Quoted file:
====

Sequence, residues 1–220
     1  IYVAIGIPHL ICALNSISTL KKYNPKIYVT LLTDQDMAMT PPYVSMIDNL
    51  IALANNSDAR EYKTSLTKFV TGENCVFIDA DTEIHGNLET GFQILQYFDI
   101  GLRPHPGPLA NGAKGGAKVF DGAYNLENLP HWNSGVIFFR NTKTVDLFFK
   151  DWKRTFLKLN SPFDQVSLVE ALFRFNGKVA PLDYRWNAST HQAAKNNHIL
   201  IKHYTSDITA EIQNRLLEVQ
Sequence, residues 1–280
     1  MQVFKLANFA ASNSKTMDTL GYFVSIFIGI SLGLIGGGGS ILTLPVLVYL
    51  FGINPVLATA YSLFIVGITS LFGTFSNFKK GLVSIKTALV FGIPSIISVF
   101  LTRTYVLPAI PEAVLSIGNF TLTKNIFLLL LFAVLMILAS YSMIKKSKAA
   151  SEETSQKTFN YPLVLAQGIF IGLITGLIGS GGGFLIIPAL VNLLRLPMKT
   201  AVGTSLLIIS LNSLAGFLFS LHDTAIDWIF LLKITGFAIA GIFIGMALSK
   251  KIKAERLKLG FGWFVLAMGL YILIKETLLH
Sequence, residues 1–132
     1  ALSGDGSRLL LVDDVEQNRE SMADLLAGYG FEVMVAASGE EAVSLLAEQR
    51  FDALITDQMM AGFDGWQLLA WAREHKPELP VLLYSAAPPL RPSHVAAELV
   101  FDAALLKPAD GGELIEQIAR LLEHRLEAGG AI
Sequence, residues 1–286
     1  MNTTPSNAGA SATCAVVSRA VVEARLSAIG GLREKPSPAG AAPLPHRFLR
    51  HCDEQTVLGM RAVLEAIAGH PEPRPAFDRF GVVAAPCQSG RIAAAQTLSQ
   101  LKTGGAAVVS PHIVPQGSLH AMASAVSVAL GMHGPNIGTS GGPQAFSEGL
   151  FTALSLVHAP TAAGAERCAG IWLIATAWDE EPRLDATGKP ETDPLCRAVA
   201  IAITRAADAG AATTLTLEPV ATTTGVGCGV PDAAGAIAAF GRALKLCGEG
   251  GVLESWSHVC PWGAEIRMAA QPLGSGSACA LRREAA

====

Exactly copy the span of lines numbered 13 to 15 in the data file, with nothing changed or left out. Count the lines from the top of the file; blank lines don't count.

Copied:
   251  KIKAERLKLG FGWFVLAMGL YILIKETLLH
Sequence, residues 1–132
     1  ALSGDGSRLL LVDDVEQNRE SMADLLAGYG FEVMVAASGE EAVSLLAEQR